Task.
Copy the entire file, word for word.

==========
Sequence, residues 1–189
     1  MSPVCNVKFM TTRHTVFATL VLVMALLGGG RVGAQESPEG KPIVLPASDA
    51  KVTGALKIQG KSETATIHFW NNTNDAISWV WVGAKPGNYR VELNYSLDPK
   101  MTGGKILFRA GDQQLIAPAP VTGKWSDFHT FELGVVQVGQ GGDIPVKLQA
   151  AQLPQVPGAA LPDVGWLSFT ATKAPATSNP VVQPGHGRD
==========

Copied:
Sequence, residues 1–189
     1  MSPVCNVKFM TTRHTVFATL VLVMALLGGG RVGAQESPEG KPIVLPASDA
    51  KVTGALKIQG KSETATIHFW NNTNDAISWV WVGAKPGNYR VELNYSLDPK
   101  MTGGKILFRA GDQQLIAPAP VTGKWSDFHT FELGVVQVGQ GGDIPVKLQA
   151  AQLPQVPGAA LPDVGWLSFT ATKAPATSNP VVQPGHGRD